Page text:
Governor joins leaders to discuss strategies to reduce number of infant deaths

FRANKFORT, Ky. – Governor Steve Beshear today joined dozens of public health professionals, health care providers, policymakers, advocates and academics to present ideas and creative strategies to reduce infant mortality in Kentucky where nearly 350 infants die each year before reaching the age of 1.

“Protecting the lives of our youngest and most vulnerable citizens – Kentucky’s infants – is one of the key goals of my administration,” said Gov. Beshear. “I don’t have to tell you how fragile the first months of life are or how important it is for health care providers and public officials to do everything we can to help parents protect their children.”

The Governor’s comments are part of his overall push to ensure that Kentucky children have a safe and nurturing environment to develop into productive adults. 

The Governor’s Summit on Infant Mortality, held at the Kentucky History Center downtown, attracted people from around the state to present ideas and creative strategies to reduce infant mortality. In Kentucky, nearly 350 infants die each year before reaching the age of 1. Sponsored by the Kentucky Department for Public Health, the event also featured nationally noted experts in maternal and child health along with state and local representatives in the field.

The Governor’s Summit on Infant Mortality is part of an ongoing partnership with the National Governor’s Association, which selected Kentucky as one of the first of four states chosen to participate in the Improving Birth Outcomes Learning Collaborative. Connecticut, Louisiana and Michigan are also a part of the collaborative.

The goal of the collaborative is to assist states in developing, implementing and aligning their key policies and initiatives related to the improvement of birth outcomes, as measured by the incidence of preterm births and infant mortality.  

The project will focus on demonstrated best practices of states that have improved birth outcomes. Participating states will learn about coordinating activities across agencies and options to accelerate the pace of improving outcomes and reducing costs.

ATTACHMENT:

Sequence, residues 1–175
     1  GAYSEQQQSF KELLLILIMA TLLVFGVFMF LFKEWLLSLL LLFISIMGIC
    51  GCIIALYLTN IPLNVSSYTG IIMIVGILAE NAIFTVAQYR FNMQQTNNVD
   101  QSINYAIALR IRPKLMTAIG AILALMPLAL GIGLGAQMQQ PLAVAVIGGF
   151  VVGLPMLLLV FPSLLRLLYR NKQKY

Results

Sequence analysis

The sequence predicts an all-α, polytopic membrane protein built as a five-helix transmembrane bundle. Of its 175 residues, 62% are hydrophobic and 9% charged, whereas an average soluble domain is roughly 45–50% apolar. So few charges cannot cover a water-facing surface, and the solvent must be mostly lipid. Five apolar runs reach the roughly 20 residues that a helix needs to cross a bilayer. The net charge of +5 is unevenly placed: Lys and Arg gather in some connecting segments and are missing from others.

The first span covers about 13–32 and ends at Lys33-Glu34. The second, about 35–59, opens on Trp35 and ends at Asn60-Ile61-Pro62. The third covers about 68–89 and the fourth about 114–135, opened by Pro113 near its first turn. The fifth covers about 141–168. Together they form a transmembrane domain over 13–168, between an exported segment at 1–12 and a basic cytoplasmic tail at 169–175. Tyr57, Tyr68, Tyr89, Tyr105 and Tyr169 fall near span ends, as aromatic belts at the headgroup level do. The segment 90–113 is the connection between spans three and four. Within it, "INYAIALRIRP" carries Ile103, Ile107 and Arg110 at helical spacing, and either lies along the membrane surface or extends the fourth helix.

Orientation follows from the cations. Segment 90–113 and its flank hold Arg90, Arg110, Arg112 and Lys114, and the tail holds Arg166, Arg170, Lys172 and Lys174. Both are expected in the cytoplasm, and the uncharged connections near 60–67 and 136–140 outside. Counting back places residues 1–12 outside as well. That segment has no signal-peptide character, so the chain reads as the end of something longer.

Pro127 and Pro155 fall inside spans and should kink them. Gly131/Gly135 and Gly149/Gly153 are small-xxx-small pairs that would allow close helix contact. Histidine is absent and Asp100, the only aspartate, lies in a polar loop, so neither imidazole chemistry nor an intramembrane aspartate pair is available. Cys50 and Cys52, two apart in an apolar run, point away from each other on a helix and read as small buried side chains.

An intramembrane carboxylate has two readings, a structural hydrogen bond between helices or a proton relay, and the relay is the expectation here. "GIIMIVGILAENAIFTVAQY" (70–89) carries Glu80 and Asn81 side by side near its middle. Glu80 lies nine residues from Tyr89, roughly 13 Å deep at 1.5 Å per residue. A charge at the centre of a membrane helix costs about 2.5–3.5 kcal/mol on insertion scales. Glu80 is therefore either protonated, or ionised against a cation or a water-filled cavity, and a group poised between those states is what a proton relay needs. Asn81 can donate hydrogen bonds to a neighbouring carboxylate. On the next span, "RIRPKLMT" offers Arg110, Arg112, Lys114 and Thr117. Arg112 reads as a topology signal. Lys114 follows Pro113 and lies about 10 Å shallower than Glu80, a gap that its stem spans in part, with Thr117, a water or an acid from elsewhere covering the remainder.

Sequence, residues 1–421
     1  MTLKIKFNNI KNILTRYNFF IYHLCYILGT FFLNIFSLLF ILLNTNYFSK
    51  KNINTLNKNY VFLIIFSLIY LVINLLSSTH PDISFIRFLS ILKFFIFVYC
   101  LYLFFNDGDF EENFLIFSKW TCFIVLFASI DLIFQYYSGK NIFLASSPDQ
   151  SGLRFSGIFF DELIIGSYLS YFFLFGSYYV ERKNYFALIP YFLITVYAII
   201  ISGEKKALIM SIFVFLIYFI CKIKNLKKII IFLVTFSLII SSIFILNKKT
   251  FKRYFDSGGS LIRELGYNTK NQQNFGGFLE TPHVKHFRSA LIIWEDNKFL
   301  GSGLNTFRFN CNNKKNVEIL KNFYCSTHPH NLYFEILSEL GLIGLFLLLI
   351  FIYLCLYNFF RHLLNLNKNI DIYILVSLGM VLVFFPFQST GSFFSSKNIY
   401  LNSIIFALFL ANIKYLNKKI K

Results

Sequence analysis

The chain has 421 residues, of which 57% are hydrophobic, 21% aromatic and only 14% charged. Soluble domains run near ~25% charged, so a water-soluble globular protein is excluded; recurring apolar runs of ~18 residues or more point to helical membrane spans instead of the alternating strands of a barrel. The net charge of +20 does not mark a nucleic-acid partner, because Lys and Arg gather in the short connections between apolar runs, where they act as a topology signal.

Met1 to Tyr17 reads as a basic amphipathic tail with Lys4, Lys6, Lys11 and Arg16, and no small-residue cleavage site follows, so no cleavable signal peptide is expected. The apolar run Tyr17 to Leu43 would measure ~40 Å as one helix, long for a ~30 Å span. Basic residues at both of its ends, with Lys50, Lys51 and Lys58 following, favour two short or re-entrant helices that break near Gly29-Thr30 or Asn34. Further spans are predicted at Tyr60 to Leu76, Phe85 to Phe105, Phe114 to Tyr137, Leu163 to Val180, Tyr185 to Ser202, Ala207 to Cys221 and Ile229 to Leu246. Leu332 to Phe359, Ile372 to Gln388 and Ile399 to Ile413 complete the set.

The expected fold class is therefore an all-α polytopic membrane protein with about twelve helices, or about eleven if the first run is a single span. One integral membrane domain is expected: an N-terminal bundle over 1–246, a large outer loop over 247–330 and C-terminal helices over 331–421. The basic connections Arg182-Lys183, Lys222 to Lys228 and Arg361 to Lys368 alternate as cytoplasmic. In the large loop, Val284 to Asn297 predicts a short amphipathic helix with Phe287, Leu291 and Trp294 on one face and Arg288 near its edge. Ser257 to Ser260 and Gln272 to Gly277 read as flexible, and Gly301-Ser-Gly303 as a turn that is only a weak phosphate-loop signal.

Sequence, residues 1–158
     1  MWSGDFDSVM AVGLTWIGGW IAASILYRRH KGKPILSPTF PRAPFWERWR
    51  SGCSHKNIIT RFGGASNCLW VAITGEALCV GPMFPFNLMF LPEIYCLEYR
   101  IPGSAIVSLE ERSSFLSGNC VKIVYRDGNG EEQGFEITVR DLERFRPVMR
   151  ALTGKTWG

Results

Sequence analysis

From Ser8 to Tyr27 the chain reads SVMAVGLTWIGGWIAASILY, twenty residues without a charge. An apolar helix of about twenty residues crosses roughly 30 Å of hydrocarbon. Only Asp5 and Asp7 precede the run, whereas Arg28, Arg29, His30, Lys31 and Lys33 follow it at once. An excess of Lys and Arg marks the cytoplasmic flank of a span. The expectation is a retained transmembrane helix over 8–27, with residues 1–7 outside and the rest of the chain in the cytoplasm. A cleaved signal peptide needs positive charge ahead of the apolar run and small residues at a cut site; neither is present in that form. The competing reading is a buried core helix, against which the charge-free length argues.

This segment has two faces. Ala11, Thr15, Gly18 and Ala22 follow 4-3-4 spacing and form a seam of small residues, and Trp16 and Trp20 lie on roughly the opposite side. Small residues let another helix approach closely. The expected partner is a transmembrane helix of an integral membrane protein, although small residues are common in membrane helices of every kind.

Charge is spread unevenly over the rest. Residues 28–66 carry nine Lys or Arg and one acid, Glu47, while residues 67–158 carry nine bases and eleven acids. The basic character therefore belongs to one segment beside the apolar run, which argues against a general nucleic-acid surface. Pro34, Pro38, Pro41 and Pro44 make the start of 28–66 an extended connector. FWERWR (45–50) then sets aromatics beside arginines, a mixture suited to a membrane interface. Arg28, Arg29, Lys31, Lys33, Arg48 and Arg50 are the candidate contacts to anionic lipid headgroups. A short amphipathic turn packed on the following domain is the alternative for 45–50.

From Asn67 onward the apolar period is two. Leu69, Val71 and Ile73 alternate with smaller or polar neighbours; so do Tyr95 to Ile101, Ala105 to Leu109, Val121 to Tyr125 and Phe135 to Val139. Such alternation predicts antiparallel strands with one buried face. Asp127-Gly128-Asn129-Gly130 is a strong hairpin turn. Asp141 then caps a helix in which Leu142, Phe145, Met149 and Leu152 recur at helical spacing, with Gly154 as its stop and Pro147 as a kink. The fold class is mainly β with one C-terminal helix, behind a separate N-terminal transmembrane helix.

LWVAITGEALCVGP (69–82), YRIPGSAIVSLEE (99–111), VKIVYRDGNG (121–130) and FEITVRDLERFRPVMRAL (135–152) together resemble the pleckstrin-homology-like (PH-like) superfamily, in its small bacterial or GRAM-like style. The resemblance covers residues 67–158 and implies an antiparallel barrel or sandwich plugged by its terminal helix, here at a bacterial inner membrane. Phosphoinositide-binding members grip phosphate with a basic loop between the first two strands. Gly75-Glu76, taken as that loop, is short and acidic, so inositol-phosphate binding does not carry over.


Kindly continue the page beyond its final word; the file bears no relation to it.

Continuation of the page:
“If we are truly going to make a difference in the overall health of our state, we have to consider the significance of infant mortality in our society,” said Health and Family Services Cabinet Secretary Audrey Tayse Haynes, who also spoke at the event. “If a measure of a successful society is its ability to prevent infant deaths, then we need to take a long hard look at this issue because the truth is too many of our babies are dying – and they don’t have to.”

According to the Department for Public Health, the United States ranks 27th in infant mortality compared to other developed countries. Kentucky has a higher infant mortality rate than the nation’s average of 6.6 deaths per 1,000 births. The most recent national rate (preliminary data) is 6.1 deaths per 1,000 births.

Summit topics covered state programs and initiatives for maternal and child health; the importance of preconception care; reducing elective deliveries prior to 39 weeks; secondhand smoke and birth outcomes; safe sleep programs and SIDS (Sudden Infant Death Syndrome); neonatal abstinence syndrome and a group discussion on next steps for Kentucky.

Dr. Lucinda J. England, M.D., and Dr. Carrie Shapiro-Mendosa, both from the Centers for Disease Control and Prevention, led the discussions on secondhand smoke and safe sleep.

“The Governor’s Summit on Infant Mortality was a wonderful opportunity to bring some of the brightest minds in maternal and child health together to share ideas and develop strategies for reducing infant mortality in Kentucky,” said Dr. Ruth Shepherd, director of the division of maternal and child health in the Kentucky Department for Public Health. “We need to implement strong initiatives at the state and local levels, making sure we are doing everything we can to strengthen the health and well-being of Kentucky’s infants. After all, every child deserves to live to celebrate their first birthday.”




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